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legal tender?

Posted: Fri Oct 02, 2015 6:29 pm
by falkor
Coins are legal tender throughout the United Kingdom for the following amount:

£2 - for any amount

£1 - for any amount

50p - for any amount not exceeding £10

20p - for any amount not exceeding £10

10p - for any amount not exceeding £5

5p - for any amount not exceeding £5

2p - for any amount not exceeding 20p

1p - for any amount not exceeding 20p

http://www.royalmint.com/aboutus/polici ... guidelines , this means that if a person has £10 worth of 50ps that is acceptable but if they have £20 worth of 50ps that would not be legal tender and any shop/ bank/ person could decline to accept it as payment

Re: legal tender?

Posted: Fri Oct 02, 2015 9:33 pm
by Bert Moffat
.....and

Re: legal tender?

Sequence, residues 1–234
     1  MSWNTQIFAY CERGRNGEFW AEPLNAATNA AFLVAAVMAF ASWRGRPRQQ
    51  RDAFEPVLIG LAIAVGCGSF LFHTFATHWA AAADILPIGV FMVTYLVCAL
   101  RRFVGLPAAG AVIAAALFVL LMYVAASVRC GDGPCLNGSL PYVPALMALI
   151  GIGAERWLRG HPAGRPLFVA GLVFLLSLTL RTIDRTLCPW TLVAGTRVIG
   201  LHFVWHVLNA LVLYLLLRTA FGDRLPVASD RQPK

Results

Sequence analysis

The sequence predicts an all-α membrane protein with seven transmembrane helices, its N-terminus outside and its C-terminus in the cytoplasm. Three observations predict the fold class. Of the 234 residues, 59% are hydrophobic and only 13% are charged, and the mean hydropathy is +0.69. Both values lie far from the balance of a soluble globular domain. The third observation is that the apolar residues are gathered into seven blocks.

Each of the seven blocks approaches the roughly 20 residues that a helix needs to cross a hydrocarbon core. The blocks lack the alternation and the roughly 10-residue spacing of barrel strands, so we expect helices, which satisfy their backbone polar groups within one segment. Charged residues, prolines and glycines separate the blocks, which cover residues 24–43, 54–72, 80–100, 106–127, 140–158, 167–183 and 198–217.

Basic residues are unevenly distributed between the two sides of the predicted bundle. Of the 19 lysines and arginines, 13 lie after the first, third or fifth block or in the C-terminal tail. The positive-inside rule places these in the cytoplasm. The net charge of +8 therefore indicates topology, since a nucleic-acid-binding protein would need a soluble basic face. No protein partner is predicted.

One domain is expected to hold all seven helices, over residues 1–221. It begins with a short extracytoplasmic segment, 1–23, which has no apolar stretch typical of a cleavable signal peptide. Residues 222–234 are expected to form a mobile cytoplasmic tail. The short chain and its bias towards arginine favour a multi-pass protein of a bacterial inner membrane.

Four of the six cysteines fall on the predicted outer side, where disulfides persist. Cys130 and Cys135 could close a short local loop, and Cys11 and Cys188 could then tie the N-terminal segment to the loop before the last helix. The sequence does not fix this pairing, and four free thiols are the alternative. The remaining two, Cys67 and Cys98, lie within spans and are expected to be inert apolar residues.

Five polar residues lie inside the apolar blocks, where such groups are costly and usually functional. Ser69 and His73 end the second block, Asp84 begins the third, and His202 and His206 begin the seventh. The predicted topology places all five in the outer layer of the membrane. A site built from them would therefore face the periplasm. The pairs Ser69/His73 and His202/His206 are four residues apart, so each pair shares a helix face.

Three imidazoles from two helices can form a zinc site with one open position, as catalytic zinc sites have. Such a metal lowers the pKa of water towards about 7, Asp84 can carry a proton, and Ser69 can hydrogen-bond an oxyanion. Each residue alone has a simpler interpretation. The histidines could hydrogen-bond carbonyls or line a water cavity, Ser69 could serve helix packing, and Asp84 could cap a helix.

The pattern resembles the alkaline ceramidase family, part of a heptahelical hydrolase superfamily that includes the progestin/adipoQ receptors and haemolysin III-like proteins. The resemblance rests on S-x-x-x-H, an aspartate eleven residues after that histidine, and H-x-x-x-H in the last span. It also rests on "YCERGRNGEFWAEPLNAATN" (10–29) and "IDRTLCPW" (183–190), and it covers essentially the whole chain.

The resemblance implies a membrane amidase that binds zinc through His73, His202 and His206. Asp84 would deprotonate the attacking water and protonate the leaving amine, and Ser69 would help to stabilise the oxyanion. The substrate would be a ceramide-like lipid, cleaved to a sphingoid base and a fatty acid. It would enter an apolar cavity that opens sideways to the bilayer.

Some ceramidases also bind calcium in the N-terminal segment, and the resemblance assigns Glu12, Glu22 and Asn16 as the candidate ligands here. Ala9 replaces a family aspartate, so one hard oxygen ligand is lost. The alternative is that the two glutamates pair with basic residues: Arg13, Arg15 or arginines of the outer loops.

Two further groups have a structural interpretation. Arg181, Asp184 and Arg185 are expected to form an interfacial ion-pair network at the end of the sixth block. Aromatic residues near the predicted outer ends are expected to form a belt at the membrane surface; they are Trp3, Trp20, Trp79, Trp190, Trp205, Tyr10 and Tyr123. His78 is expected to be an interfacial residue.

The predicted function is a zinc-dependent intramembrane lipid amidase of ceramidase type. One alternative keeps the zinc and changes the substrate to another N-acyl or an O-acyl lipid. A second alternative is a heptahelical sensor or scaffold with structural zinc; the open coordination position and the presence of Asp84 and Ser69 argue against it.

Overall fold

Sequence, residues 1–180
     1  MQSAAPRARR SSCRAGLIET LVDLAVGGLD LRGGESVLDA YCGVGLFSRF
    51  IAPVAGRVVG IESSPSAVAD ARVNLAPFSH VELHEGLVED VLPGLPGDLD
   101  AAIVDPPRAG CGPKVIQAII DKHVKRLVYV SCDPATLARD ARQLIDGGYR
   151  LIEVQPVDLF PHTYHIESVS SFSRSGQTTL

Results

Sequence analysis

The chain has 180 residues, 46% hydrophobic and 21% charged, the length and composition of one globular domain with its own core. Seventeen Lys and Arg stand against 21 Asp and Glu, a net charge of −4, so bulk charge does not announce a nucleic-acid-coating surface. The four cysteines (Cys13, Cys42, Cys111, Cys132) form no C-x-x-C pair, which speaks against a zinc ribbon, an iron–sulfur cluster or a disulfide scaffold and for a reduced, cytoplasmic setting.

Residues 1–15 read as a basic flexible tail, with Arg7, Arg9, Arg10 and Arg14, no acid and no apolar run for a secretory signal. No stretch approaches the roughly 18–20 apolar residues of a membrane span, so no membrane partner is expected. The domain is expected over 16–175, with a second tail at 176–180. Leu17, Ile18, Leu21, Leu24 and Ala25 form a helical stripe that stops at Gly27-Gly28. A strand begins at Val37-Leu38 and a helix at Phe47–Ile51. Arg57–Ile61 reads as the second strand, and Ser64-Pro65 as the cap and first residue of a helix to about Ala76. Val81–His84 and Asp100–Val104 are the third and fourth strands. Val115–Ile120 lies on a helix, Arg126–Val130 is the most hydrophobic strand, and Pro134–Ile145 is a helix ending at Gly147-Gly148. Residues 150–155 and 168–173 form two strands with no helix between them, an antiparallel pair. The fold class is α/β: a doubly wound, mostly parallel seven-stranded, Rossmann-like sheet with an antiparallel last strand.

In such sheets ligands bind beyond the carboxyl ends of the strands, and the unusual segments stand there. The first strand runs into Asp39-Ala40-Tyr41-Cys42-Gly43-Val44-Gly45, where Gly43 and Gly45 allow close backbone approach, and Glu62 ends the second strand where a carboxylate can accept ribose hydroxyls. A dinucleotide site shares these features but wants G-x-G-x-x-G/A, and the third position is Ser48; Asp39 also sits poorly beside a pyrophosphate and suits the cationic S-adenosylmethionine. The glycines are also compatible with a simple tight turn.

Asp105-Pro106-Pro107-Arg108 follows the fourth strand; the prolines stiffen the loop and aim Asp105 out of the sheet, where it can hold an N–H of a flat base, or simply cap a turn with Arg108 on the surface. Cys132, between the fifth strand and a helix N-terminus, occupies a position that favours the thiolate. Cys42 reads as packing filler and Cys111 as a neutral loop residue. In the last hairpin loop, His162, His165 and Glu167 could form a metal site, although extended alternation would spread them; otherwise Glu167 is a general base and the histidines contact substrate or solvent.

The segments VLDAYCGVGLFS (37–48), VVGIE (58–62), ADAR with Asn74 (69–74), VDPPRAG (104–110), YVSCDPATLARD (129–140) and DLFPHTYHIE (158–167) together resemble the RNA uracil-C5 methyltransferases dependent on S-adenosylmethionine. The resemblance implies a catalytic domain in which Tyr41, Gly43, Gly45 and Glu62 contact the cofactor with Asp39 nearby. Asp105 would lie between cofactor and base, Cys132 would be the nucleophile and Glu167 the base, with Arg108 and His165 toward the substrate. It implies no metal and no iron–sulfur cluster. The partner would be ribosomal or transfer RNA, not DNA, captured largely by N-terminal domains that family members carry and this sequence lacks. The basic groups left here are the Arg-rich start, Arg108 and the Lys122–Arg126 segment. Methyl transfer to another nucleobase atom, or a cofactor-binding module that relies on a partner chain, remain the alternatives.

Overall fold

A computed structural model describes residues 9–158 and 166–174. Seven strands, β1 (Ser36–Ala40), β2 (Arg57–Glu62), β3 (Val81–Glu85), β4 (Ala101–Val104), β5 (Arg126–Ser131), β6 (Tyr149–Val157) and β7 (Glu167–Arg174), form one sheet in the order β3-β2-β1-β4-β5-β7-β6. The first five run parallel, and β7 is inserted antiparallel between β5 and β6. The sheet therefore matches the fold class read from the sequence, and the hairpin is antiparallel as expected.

Posted: Mon Oct 12, 2015 6:00 pm
by falkor
and ….. http://www.birminghammail.co.uk/news/mi ... e-10230621 He refuses to serve anyone who spends less than £1 in his convenience store if they want to pay with banknotes. “I was fed up with people coming into the shop and buying an item for as little as 5p so they could get change for the bus or the parking machines,” says Jack. “We have had up to 100 people in a day doing this – so I have finally taken action. I am running a shop, not a bank.” Jack owns Jack’s News & Booze in Queensway, Halesowen town centre, which is close to Halesowen bus station and to several pay-and-display car parks. He bought the business two years ago and, at first, accepted payment in notes for small purchases until he decided enough was enough. Now, he has posted a notice in the glass door of the shop reading, in capital letters: “URGENT CUSTOMER NOTICE: MINIMUM SPEND OF £1.00 WHEN PAYING WITH NOTES! CHANGE WILL NOT BE GIVEN UNDER ANY CIRCUMSTANCE UNLESS SPENDING OVER £1.00.”

Re: legal tender?

Posted: Mon Oct 12, 2015 10:46 pm
by Bert Moffat
You must have a crystal ball falk....

Re: legal tender?

Posted: Tue Oct 13, 2015 12:00 am
by powdermonkey
This isn't an issue of legal tender but the shop keeper getting fed up of being a cash changer. Presumably he's happy to refuse custom and potentially lose customers. If he accepts the sale he can't legally refuse to give change. That'd be theft, wouldn't it?